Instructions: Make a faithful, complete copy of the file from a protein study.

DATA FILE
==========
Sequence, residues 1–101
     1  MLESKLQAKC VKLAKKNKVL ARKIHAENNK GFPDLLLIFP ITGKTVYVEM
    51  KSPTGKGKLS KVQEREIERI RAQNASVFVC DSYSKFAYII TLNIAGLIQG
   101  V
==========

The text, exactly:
Sequence, residues 1–101
     1  MLESKLQAKC VKLAKKNKVL ARKIHAENNK GFPDLLLIFP ITGKTVYVEM
    51  KSPTGKGKLS KVQEREIERI RAQNASVFVC DSYSKFAYII TLNIAGLIQG
   101  V